Why the Internet Archive’s The Open Library is Not a Real Library
One of the more common arguments made by defenders of the Internet Archive’s site, The Open Library, is that it is a library. They point out that it lends ebooks using expiring licenses and DRM tech quite similar to what public libraries use via Overdrive.
What they are hoping you will overlook is that The Open Library doesn’t source their ebooks like real libraries do. A real library pays for ebook licenses from legit distributors such as Overdrive or Biblioteca, while The Open Library buys and scans used print copies, and then shares copies of the scans. (This is why four publishers filed a copyright infringement lawsuit last week.)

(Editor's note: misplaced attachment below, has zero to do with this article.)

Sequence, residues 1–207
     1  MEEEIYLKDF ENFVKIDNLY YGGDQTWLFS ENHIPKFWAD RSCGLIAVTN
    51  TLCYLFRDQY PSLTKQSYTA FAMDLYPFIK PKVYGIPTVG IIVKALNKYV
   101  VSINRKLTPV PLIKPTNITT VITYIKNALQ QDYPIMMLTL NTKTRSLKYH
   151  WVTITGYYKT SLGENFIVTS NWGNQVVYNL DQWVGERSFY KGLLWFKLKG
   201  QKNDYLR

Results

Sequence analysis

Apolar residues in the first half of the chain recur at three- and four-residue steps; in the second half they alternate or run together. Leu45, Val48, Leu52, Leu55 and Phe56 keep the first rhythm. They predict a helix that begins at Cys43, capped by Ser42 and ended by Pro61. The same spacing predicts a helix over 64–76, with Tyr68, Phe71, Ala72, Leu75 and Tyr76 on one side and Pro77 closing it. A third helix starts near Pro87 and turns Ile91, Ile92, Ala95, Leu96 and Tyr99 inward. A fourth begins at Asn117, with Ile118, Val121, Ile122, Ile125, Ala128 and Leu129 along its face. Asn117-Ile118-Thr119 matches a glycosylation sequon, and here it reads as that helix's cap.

The Open Library even encourages people to donate the purchase price of a used book so it can be scanned and distributed. I discovered via Twitter yesterday that the IA has been encouraging those "sponsorships" since the middle of last year. They even have a page on their site devoted to the effort where they mislead supporters on the legality of the project.
The thing about that page is that any other library wouldn’t ask you to donate the cost of a used book so it could be scanned and shared. Instead, they would ask you to help it buy a license to one of these books.
Other libraries would get that ebook from a legally-authorized distributor, ensuring that the publisher and author got paid for their work. When The Open Library lends an ebook, on the other hand, no one is getting paid.
The simple truth is folks that The Open Library doesn’t act like other libraries because it isn’t a library – it’s a pirate site.